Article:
Residents of East Palestine are urged by Erin Brockovich to keep track of their medical problems because some have been diagnosed with bronchitis. 

By Madhupriya

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Residents of East Palestine, Ohio were urged by environmental activist Erin Brockovich to record any health problems they may be having as a result of the tragic train disaster that was transporting dangerous chemicals.

This month, some residents have reported receiving diagnoses for bronchitis and other diseases that physicians and nurses believe are related to the chemical exposure.

At a town hall meeting on Friday, February 24, Brockovich told a roomful of citizens, "You need to be vigilant, you need to journal, you need to capture information."

I'll be speaking to you tonight because we want you to take away knowledge that will help you understand and be more informed.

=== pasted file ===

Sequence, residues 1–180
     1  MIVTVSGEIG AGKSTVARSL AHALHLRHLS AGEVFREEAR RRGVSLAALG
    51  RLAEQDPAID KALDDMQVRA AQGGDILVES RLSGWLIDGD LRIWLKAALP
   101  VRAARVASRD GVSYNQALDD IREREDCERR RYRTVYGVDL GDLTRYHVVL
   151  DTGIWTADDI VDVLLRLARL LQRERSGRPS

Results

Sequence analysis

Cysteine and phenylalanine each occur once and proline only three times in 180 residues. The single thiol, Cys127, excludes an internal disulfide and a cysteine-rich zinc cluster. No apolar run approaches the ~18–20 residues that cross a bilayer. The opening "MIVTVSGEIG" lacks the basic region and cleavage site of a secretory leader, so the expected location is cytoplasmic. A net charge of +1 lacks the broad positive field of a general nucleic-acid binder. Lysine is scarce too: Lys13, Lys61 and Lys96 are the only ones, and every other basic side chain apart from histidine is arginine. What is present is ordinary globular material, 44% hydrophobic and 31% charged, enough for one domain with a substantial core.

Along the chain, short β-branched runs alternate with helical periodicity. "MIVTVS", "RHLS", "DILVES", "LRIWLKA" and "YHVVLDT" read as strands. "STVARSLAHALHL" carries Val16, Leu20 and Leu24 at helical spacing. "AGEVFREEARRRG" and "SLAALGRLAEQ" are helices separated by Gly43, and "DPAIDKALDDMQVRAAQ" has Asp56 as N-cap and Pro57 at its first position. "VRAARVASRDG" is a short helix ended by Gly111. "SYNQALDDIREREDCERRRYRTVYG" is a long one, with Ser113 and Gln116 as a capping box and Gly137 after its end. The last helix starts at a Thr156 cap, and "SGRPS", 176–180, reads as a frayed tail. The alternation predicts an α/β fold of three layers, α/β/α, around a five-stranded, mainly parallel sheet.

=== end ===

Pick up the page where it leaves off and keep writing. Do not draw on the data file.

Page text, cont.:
Hazardous chemicals spilled onto the ground as a result of the derailment of a train hauling 50 rail cars, 10 of which were carrying vinyl chloride,

and it also released a cloud of smoke into the atmosphere.

Residents of East Palestine started to exhibit symptoms following the ecological catastrophe, which many believe were caused by the chemical spill.

Only two days after the tragic incident, Melissa Blake, who lives less than a mile from the scene, told NBC News that she began coughing up grey mucus and was having trouble breathing. 



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